I was watching a **great** conversation from the past between Dr. Martha Nussbaum (University of Chicago, Law) and the legendary Bryan Magee (Parliament PM and TV executive).

Dr. Nussbaum is a foremost Aristotelian and I appreciated her very thorough and succinct description of Aristotle's theory of

structureanduniversals.

This post seeks to briefly demarcate the Aristotelian use of these terms and modern structuralist notions.

Along the way I'd like to identity at least a couple ontological and conceptual gaps in philosophy that are relevant to discussions on this blog.

These metaphors and ontological units do all the work of the theories of which they are a part. But they often remain mysterious and unexplained.

*Structures*can be (**geometric**) forms (this is the ancient view) - e.g. as spheres, cubes, or in the Delian Problem solved by Archytas- Today,
*structures*are typically thought of**algebraically**not**geometrically**(groups, rings, fields) - Houses, buildings, 3D objects are
**geometric**“structures” in the first sense but not necessarily in the second

Really a lot of the verbiage surrounding use of “structure” (the word) should be more specific.

Part of modern *structuralism* is the attempt to overthrow the old notion of *Forms* (**geometric** metaphors that they were given the Greek preference for Geometry above all other kinds of math) in favor of **algebraic structures**.

Dr. Nussbaum has correctly pointed out that Aristotle's treatment of

formsis fairly nuanced and involves a conception of forms asfunctional structures. Suchfunctional structuresare neverthelessgeometricallyinspired (the Ship of Theseus, animals, buildings, and so on.) Again, the wider sense described above takes its inspiration fromalgebraic structures. One key difference is the extremely limited role thatobjects(or,individualsin the archaic vernacular) play within structured systems - in many cases, they are eliminated entirely (for example, within certain formulations of Category Theory).

Furthermore, I think we should carefully distinguish between

structuresandfunctional systems(which are fundamentally role-oriented - structures need not berole-orientedin any way they can merely interrelated with no other distinguishingrolesor characteristics) and explore the idea that structuralism may be an explanation for functionalism (and shouldn't be identified as the same).

This aligns with my criticism that many metaphors in philosophy are misguided. We should leverage modern maths and not be fettered to ancient notions of Geometry!

*Ante Rem Structuralism*in philosophy math bucks the modern trend and explicitly sees*algebraic structures*as*universals*(Platonic*Forms*).- Platonic
*Forms*- a*category*of*substances*or*properties*that are*exemplified in*or*instantiated by**particulars*(*objects*). *Structures*so-conceived (today) are characterized by*ersatz-objects*or*places-as-objects*(pointed out by Shapiro) and so don't seem to be*structuralist*at all.- Even
**Category Theory**presupposes*algebraic*, presumably**Set Theoretic**,*structures*.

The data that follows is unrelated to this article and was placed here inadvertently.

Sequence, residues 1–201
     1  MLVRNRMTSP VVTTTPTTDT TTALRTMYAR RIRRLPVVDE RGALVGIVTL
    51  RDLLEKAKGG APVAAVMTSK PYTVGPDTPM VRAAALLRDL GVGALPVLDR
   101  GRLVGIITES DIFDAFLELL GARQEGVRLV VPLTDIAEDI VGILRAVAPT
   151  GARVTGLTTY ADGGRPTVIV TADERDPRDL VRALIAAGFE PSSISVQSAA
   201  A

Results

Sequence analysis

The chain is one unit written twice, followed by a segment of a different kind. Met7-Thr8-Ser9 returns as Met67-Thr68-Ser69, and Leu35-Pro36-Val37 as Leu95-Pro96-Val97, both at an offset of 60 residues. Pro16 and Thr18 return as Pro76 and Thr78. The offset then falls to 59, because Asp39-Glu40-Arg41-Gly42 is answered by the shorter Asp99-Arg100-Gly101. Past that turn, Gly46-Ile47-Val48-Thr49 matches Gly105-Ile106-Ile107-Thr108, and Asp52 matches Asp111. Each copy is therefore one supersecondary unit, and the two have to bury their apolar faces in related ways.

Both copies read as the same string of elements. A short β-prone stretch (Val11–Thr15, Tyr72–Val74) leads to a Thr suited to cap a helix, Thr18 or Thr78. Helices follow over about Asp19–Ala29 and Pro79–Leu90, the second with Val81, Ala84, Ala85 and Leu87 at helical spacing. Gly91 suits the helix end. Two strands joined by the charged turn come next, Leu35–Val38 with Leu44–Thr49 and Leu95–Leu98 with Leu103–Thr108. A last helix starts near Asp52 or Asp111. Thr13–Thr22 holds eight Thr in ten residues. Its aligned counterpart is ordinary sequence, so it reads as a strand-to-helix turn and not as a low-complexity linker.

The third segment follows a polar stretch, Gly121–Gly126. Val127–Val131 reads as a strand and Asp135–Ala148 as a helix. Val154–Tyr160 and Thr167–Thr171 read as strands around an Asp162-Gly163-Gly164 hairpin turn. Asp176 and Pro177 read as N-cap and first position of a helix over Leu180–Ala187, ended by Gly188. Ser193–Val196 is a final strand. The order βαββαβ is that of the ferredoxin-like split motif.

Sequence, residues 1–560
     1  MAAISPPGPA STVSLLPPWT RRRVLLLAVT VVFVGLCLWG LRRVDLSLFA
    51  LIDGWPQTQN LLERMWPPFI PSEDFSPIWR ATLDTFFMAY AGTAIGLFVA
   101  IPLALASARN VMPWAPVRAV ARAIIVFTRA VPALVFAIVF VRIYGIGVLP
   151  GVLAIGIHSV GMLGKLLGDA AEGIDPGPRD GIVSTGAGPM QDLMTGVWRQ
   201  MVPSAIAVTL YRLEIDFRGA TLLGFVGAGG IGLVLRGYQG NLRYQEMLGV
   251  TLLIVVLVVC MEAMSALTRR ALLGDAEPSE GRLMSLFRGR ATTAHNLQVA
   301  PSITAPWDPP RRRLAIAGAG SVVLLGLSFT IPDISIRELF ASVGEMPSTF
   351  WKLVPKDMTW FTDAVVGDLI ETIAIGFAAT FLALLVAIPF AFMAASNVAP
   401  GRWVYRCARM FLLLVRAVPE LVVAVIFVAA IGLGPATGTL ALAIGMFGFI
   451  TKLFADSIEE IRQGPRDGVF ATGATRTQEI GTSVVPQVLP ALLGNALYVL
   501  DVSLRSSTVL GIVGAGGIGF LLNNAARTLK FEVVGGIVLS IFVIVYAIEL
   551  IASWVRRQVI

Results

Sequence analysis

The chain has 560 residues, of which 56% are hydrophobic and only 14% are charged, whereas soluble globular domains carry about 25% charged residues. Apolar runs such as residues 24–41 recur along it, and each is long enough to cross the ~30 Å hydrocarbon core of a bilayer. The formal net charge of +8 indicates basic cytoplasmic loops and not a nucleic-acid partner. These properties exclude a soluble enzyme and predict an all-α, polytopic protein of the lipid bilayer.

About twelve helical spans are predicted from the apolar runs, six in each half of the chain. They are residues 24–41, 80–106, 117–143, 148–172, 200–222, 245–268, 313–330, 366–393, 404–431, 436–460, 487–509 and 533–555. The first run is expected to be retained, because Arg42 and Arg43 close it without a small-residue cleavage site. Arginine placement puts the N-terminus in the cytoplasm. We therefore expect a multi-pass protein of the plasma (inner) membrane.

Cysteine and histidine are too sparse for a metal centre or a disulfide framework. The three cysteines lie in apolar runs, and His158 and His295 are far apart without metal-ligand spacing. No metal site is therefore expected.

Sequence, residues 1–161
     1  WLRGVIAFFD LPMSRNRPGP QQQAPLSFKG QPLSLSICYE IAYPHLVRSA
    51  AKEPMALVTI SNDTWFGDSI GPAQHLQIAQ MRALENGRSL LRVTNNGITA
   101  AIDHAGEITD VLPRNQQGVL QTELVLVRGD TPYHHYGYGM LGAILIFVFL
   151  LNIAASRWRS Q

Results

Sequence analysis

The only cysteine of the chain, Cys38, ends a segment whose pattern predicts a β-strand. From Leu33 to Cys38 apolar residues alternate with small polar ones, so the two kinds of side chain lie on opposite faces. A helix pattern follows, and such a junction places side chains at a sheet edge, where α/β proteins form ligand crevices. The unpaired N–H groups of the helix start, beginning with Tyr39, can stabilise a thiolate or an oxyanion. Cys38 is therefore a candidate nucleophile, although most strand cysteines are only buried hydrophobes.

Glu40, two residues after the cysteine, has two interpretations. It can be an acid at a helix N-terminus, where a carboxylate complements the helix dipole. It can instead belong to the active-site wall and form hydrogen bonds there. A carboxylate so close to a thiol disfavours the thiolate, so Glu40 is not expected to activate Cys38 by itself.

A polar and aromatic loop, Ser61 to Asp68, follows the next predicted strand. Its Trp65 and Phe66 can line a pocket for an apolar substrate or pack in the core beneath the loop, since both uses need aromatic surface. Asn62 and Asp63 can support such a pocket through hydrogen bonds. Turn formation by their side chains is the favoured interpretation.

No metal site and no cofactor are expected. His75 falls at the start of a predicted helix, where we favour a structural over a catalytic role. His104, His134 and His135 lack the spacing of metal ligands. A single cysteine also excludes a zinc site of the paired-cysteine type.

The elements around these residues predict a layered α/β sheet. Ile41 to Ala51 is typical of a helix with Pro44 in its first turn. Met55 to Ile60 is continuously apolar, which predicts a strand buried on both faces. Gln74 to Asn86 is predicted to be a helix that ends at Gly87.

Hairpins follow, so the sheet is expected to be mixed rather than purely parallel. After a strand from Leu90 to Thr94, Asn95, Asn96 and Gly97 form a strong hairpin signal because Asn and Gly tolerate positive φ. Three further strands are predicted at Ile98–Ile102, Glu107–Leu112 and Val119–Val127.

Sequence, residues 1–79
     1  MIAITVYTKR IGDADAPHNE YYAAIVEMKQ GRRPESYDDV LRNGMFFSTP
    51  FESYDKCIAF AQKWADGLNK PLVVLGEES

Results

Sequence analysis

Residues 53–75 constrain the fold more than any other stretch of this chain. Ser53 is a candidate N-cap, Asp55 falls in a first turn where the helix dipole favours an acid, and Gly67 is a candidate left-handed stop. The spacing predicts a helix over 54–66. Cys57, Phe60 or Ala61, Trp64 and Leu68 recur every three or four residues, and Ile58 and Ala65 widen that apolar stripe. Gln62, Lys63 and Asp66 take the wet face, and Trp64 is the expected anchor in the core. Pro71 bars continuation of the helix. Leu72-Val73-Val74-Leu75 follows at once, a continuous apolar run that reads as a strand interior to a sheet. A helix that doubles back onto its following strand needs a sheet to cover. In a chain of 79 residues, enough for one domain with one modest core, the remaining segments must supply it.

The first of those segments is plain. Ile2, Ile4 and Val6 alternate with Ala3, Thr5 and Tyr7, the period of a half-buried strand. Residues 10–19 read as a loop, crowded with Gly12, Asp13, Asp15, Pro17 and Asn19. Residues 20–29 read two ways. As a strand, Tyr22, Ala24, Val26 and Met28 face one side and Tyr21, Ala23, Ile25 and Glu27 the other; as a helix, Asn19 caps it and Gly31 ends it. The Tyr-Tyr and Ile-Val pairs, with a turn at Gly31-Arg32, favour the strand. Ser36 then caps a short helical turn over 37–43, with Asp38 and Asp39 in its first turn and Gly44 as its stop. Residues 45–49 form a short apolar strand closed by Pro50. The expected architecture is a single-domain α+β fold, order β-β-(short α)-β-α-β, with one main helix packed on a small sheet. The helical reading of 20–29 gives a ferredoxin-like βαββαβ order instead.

- Are
*properties*? - Special
*properties*like*haecceities*or*quiddities*? - But if Redness is a Platonic
*Form*(*Universal*), on Plato’s view it is both a property that is exemplified and itself. - On his view, Red is Red and so it is of itself that it
*exemplifies*itself. - But,
*identity*is distinct from*exemplification*. - And, wherever Red is it is infinitely-many so (for it
*exemplifies*itself and is of itself*exemplified*).

So, there’s something wrong with conceiving *Forms* as *substances* (as has historically been noted).

*Substances* are understood to be identity *properties* - the *kind of property* that makes a specific *particular* exactly *what it is*. Its *essence*.

- But there’s a problem here too. For if there are
*substances*and non-*substances*as*properties*what is it that distinguishes these? - What property of
*substances*makes them intrinsically different than other*properties*? - But how can a specific kind of
*property*, the very kind of*property*that is what makes something intrinsically distinct, be distinguished from another*property*by way of another*property*? - It’s contradictory.

There are other arguments against *substances* as such. Some involve considerations about the appropriateness of this concept in the first place:

`1`

and`2`

cannot be meaningfully understood independently of the*successor relations*within which they stand.- Therefore,
`1`

and`2`

have no*essence*beyond the number line of which they are a part. - This also explains why
`I`

and`II`

can be substituted as symbols (Roman, Greek, Arabian numerals, etc.) because the choice of marks is irrelevant. - But this implies that
*substances*are irrelevant as a*theory of identity*within the philosophy of mathematics.

- Bradley’s
*regress problem*(against*relations*understood as*universals*) applies here regardless of the view one takes about the nature of*relations*. - It applies equally well against traditional
*Forms*. - F is H - object F exemplifies H but how does exemplification stand in relationship to F and H?

*Functions*are mostly conceived as being built up from*mappings*and*elements*(*objects*,*sets*)- But what are
*mappings*?

*Objects*are just*identity relations*(identity*functions*)- But what is a
*function*? - On this view there’s an infinitude of
*functions*-*functions*of*functions*... terminating in identity relations. - We can define functions using
**Set Theory**which relies on concepts like*domains*,*codomains*,*images*, but all of these depend of*mappings*or*1-1 correspondence*.

These independent considerations also motivate **Connection Theory**.

- Path Deformation
- On Connection Theory
- Ontological Gaps
- Sign, Identity, Relations
- Fun Math Stuff and the Philosopher's Stone

##### post: 11/27/2020

##### update: 7/31/2022